by Charles Sims


DIMENSIONS: (unframed) 29 x 36 inches (73.7 x 91.4 cm)
SIGNATURE: Signed (lower right)
MEDIUM: Oil on canvas

This beautiful painting sees Charles Sims demonstrating his incredible talent, depicting two young children frolicking on the beach. He was a highly regarded artist having won the Royal Academy Schools Silver Medal in 1893 and the Landseer Scholarship in 1895.


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    Catalogue No: 4704 Categories: , ,

    Charles Sims was a British painter whose subjects focused on portraiture, landscapes and decorative paintings. Here Sims has depicted a brother and sister play-fighting at the beach, with the sea right at their feet.

    Sims was born in 1873 in London and enrolled at the South Kensington College of Art in 1890, and soon after moved to Paris for two years to study at the Academie Julian. Additonally, Sims was enrolled at the Royal Academy School in 1898. However, he was expelled from the Academy in 1895.

    Private Collection, United Kingdom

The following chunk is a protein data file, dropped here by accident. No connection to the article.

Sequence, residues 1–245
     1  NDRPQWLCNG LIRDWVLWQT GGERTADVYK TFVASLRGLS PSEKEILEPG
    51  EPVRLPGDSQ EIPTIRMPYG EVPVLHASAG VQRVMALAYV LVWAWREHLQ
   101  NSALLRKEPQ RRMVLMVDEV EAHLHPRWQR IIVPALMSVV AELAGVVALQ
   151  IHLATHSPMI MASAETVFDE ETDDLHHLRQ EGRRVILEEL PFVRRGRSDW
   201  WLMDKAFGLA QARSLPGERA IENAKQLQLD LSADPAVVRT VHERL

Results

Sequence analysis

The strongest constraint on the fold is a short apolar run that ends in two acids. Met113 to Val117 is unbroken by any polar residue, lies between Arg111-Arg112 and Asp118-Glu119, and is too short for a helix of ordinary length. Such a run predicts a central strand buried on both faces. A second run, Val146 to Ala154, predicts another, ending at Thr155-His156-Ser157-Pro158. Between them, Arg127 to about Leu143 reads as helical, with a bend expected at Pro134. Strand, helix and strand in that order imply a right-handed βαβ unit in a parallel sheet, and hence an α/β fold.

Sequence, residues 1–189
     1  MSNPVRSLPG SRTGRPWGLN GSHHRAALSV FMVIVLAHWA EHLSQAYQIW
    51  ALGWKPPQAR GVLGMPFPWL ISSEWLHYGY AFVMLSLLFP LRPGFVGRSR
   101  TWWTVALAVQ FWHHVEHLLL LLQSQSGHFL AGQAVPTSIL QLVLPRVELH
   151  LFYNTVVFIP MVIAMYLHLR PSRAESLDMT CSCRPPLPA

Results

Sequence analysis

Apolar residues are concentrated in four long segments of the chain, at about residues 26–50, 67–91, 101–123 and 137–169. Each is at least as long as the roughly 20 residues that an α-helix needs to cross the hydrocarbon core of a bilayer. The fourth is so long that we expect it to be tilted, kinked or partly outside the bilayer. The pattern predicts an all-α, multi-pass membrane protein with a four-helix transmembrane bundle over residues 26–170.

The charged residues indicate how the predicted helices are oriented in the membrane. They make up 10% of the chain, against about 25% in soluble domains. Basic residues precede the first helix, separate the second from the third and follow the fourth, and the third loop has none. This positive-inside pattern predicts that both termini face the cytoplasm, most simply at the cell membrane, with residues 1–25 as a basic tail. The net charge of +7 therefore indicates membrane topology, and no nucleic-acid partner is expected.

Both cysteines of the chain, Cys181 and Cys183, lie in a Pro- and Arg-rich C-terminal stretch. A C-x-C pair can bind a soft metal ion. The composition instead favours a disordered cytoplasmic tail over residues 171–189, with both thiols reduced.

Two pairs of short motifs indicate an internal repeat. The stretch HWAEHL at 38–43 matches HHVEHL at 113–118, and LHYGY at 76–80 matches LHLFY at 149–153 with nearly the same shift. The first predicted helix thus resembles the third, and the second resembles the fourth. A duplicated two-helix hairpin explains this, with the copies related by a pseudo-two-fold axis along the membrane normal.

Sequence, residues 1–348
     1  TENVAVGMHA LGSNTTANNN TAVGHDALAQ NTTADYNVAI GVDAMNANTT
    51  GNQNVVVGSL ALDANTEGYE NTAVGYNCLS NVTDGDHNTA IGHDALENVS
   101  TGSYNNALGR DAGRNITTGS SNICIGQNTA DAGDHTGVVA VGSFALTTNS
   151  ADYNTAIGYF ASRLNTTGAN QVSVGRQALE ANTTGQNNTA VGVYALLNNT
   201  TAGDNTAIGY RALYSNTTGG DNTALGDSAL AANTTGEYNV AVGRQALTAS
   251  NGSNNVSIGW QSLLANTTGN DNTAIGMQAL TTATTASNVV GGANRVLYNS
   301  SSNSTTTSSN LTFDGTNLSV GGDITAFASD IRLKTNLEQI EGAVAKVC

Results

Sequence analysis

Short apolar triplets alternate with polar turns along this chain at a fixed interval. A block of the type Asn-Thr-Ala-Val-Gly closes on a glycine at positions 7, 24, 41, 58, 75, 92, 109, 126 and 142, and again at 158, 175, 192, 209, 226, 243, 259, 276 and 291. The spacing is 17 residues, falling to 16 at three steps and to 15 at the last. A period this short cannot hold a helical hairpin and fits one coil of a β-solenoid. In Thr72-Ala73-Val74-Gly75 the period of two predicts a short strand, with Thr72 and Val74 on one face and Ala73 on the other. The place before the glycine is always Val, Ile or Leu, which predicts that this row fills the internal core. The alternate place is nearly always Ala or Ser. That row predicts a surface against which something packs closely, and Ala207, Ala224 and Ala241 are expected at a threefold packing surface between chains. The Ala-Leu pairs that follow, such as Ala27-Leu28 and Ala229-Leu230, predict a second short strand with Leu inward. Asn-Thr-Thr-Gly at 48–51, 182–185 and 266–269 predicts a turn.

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    Regardless of his being expelled from the Academy Sims built a successful career, even exhibiting in the Royal Academy in 1896. Additionally, in 1910 Sims was elected a fellow of the Royal Watercolour Society and a member of the Royal Academy in 1915.


    Sims became renowned for his ability to depict sunlit landscapes and his neo-classical fantasies which idealised scenes of women, children and fairies within a natural setting. However, his style changed dramatically after The First World War, which was greatly traumatic for Sims as he lost his eldest son. His Post-war work began to develop religious motifs and Sims began to withdraw from his artistic circle, rejecting the position as the Keepership of the Royal Academy in 1920 to move to the United States.


    In the final years of his life Sims suffered from hallucinations, paranoia and insomnia, caused by the horrific scenes he had witnessed as an official war artist and the loss of his son. Sims committed suicide in 1928, drowning himself in the River Tweed near his home in St. Boswells, Scotland.


    A Times review compared Sim’s later work to El Greco, ‘using his expedient of torn atmospheric forms for emotional purposes.’

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